So it’s time we started using a tool that doesn’t require anything more than food and water to run -- a tool that’s kept people alive for centuries: memory. Committing things to memory could save your life in the event of an energy infrastructure failure, so here are four things you should learn before we lose the Internet forever.
Batteries will be a luxury in the post-energy infrastructure world. Those who have them or can build them will live lavishly. With one car battery or its equivalent, you could run a television and a Blu-ray player for the length of a movie, or even video game consoles for a few hours. But let’s focus on our needs before we get to the wants.
The price of bagged ice would skyrocket, as refrigerators and freezers would become traditional iceboxes. Microwave ovens and conventional ovens would give way to open flames for cooking food. Fire would also be the only way to heat our homes unless you had a battery and electric heater, which would save you from carbon monoxide poisoning and lower your risk of burning down your home or shelter.
Learn how to build a battery out of pennies to power small things like LEDs here. Since ice cube trays will be obsolete, you can use them and some sheet metal screws to build a 9-volt battery. You can make a 12-volt battery out of other batteries, too. You can build an inexpensive, lithium-ion battery pack to run your phone as well.
A battery is only as good as your ability to recharge it, so learning some basic electrical infrastructure installation will be most valuable. Not everyone will have the ability or means to build a hydroelectric generator, wind turbine or install a solar array to power lights and heat in their house or shelter. But there are enough junk bicycles out there to power lights and heat throughout America.
As long as food can be found, the bicycle will continue to serve as more than just a form of transportation in a post-energy infrastructure America. At night, bicycles will be brought indoors, where people take turns pedalling to power lights and heat and to charge batteries. Here’s how you can build a bicycle generator, which can typically produce 100 watts. Note: bicycle generators are incredibly inefficient, so exhaust your alternative energy options before resorting to the bicycle generator.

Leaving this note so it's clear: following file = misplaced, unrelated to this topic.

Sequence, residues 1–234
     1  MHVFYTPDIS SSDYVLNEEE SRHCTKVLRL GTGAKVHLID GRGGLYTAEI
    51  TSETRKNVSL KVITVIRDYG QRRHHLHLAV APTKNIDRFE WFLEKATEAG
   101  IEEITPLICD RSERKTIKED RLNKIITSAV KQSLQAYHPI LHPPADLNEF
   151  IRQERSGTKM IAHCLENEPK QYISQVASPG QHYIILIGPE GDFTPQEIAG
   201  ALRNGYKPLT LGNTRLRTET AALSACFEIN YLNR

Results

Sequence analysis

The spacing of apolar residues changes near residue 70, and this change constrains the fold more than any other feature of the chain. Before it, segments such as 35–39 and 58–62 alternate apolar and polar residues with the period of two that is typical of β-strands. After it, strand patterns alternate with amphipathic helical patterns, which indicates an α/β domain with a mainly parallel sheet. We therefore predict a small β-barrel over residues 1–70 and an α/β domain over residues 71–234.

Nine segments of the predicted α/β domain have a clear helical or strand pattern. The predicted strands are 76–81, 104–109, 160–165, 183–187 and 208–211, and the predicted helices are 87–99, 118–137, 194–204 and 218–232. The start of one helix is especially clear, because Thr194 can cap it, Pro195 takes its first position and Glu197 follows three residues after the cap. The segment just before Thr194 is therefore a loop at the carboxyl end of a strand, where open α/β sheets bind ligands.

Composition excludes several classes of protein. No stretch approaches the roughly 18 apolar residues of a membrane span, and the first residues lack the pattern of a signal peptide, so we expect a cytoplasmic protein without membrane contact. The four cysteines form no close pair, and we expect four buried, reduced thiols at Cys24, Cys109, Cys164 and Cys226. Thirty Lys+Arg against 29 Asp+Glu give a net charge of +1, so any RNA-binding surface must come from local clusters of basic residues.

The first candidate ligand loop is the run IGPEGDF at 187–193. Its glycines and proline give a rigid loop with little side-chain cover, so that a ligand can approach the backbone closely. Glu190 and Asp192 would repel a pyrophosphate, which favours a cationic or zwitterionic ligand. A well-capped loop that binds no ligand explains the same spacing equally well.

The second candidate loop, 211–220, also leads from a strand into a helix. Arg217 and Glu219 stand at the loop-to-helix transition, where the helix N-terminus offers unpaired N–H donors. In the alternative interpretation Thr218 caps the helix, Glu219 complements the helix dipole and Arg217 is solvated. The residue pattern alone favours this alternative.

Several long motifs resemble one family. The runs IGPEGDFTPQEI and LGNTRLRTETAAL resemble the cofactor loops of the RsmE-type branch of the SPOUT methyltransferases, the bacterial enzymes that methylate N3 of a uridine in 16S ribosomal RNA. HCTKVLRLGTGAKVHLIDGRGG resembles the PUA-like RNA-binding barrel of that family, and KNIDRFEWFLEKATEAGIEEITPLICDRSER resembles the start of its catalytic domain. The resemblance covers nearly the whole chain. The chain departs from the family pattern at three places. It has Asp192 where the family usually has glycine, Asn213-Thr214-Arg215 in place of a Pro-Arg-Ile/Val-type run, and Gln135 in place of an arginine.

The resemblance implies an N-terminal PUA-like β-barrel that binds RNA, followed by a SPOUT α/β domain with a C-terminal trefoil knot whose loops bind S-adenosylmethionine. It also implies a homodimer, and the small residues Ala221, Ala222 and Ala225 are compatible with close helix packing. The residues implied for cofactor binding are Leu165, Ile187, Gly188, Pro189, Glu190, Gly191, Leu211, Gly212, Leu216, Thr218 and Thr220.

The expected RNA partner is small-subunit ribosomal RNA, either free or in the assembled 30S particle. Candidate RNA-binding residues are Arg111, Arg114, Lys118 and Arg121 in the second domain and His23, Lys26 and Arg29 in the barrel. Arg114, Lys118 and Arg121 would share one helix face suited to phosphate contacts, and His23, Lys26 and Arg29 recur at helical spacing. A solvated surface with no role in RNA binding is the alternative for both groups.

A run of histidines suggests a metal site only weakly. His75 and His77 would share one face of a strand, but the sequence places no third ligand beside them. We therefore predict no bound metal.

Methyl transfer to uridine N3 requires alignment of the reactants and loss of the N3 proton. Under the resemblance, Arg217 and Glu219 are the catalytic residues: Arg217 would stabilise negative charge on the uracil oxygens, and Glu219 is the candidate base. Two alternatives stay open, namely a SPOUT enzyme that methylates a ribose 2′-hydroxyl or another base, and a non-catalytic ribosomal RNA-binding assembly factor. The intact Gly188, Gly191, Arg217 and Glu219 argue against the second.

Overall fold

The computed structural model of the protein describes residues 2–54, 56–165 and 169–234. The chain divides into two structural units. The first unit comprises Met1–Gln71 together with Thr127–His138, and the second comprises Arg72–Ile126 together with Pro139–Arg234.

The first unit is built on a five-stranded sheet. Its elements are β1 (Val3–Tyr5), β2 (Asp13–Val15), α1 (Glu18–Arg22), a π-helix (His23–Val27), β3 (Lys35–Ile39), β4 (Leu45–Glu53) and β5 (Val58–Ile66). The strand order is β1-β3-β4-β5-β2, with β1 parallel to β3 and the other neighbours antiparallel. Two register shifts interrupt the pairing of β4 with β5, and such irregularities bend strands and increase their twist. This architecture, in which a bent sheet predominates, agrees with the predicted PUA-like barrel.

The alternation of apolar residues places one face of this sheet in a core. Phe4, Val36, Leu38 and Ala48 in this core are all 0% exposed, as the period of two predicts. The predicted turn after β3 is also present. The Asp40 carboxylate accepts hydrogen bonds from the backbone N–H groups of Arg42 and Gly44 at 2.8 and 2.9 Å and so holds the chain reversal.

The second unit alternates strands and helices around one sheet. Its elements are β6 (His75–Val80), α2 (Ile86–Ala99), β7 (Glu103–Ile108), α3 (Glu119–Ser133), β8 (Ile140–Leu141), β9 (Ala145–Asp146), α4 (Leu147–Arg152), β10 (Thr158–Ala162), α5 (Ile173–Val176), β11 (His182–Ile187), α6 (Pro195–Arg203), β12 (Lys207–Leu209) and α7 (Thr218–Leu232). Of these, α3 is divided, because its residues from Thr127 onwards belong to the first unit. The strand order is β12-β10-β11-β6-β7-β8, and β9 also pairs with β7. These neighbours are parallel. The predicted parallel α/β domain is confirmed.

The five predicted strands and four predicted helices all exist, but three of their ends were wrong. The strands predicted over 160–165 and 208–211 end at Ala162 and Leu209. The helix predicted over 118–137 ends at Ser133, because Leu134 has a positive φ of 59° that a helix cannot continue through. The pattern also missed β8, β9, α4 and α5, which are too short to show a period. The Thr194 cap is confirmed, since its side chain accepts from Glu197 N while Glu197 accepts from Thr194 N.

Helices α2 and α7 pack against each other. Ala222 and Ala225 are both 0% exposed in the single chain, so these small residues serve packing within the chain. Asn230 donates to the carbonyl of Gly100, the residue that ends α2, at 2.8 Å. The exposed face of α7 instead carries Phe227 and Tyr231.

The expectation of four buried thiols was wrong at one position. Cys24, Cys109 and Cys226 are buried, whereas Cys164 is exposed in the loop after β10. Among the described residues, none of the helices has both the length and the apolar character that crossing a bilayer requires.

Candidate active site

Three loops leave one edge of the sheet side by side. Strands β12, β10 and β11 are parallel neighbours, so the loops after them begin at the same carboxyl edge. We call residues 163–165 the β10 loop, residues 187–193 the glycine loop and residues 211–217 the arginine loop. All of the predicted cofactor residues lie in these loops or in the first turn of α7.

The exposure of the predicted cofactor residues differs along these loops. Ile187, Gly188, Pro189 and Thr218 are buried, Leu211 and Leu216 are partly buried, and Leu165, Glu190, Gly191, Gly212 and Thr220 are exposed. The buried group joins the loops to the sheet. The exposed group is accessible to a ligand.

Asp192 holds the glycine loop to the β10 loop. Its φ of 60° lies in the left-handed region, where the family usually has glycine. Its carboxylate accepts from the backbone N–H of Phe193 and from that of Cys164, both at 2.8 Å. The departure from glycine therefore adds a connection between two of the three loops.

A boat will be an advantage enjoyed by those who survive the death of the Internet and America’s energy infrastructure. Only so much food can be found on land, and those with boats will have access to high-protein meals providing healthy calories that allow them to hunt and gather for longer hours.
You can build a boat with hand tools. There are plenty of designs from which to choose as well. Given the situation, however, you might have limited materials for boat building. Good thing a fishing boat doesn’t require much. This one is made from PVC pipe, and since indoor plumbing will be useless given that water pumps wouldn’t be powered, you can just rip those pipes right out of your walls.
Since you won’t be sending your poop to a wastewater treatment plant, you should be using it to fertilize your garden. The most important commodity in the post-energy infrastructure America will be food, and you’ll want to be able to grow as much as you can with whatever space you have.
A good start is using the scraps of food you don’t eat to make more food. You can transplant the roots of green onions after slicing them up as well as celery. You can even plant the tops of carrots and eat the greens.
You can also use trash to grow food. Large plastic jugs like milk containers, egg cartons, produce bags and aluminum trays are all useful in growing food. Shredded paper, cardboard, shoe boxes and paper bags are also useful in the garden.
Lastly, human waste makes for a fine fertilizer, so poop in a bucket and mix it into your garden soil. You can drink your urine when times get really tough.